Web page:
Pakistan relaxes land route trade rules
Pakistan has moved nearer to conceding the promised most-favored nation status to India by the year-end by increasing the list of goods that can be traded via the Attari-Wagah border, a move that will enhance shipments across Punjab. Pakistan has decided to increase the list of goods beyond the 200 items that are at present permitted to be traded via the land route, albeit the full list was not immediately available with the Indian government. The 30% reduction in the list by December is to follow "removal of all restrictions on trade by Wagah-Attari land route"
Why this move by Pakistan? How will this move be beneficial for India? What is a Sensitive List? What is SAFTA?
Now, Why this move by Pakistan?
- The move is part of the agreement b/w the India and Pakistan in September 2012 after India declared a cut in import duty to a maximum 5% over the next 3 years on 264 items, which are part of the SAFTA sensitive list.
- By December 2012, Pakistan will also grant the MFN status to India.
- India will then keep only 100 items on the SAFTA sensitive list, constituting mostly of sin goods such as tobacco products and wines and spirits.
How this move will be beneficial for India?
- India has been demanding for long that more trade should take place b/w India and Pakistan via the land route as costs would come down.
- In the absence of trade via the land borders, goods have to transported via the sea route, which enhances the cost, in particular if it has to be moved by road from Punjab to Mumbai or one of the ports in Gujarat.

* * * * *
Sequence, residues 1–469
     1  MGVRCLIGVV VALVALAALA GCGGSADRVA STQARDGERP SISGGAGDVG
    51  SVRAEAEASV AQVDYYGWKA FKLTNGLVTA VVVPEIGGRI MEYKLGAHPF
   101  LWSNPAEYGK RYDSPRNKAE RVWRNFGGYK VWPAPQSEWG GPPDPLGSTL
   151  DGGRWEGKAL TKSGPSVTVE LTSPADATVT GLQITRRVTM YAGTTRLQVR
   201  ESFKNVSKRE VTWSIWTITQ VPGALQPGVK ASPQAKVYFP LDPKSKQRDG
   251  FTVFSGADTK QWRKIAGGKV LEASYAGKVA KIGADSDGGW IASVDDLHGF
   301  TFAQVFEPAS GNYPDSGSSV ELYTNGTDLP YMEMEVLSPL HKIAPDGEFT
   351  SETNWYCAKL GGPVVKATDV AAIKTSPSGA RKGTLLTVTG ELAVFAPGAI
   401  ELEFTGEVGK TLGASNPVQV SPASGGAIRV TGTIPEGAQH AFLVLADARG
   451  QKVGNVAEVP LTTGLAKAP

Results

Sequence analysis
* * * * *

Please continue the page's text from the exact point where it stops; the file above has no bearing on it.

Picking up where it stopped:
- Sensitive list is a list with every country which does not include tariff concession.
- South Asian Free Trade Area (SAFTA)
- Agreement inked on January 6, 2004 at the 12th SAARC summit in Islamabad, Pakistan.
- Created a Free Trade Area of 1.6 billion people in Bangladesh, Bhutan, India, Maldives, Nepal, Pakistan and Sri Lanka.
- The seven foreign ministers of the region inked a framework agreement on SAFTA to reduce customs duties of all traded goods to zero by the year 2016.
- Came into force on January 1, 2006 and is operational following the ratification of the agreement by the seven governments.
- Under SAFTA agreement developing countries in South Asia (India, Pakistan and Sri Lanka) have to bring their duties down to 20% in the phase-1 of the two year period ending in 2007 and in the final 5 year phase ending 2012, the 20% duty will be reduced to zero in a series of annual cuts.
- The least developed nations in South Asia (Nepal, Bhutan, Bangladesh, Afghanistan and Maldives) have an additional 3 years to reduce tariffs to zero.
- India and Pakistan ratified the treaty in 2009.
- Afghanistan as the 8th member state of the SAARC ratified the SAFTA protocol on May 4, 2011.
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